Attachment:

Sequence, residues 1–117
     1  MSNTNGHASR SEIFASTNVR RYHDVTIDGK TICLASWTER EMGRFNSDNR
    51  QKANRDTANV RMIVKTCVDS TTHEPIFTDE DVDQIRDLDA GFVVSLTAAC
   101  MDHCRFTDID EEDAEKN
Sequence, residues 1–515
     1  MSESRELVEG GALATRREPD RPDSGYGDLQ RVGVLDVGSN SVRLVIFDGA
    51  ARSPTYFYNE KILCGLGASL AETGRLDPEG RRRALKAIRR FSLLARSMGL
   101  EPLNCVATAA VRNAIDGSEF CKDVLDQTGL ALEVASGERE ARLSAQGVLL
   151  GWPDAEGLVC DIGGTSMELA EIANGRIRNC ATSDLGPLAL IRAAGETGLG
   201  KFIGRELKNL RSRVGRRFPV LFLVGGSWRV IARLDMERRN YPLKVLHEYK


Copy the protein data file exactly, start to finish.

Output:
Sequence, residues 1–117
     1  MSNTNGHASR SEIFASTNVR RYHDVTIDGK TICLASWTER EMGRFNSDNR
    51  QKANRDTANV RMIVKTCVDS TTHEPIFTDE DVDQIRDLDA GFVVSLTAAC
   101  MDHCRFTDID EEDAEKN
Sequence, residues 1–515
     1  MSESRELVEG GALATRREPD RPDSGYGDLQ RVGVLDVGSN SVRLVIFDGA
    51  ARSPTYFYNE KILCGLGASL AETGRLDPEG RRRALKAIRR FSLLARSMGL
   101  EPLNCVATAA VRNAIDGSEF CKDVLDQTGL ALEVASGERE ARLSAQGVLL
   151  GWPDAEGLVC DIGGTSMELA EIANGRIRNC ATSDLGPLAL IRAAGETGLG
   201  KFIGRELKNL RSRVGRRFPV LFLVGGSWRV IARLDMERRN YPLKVLHEYK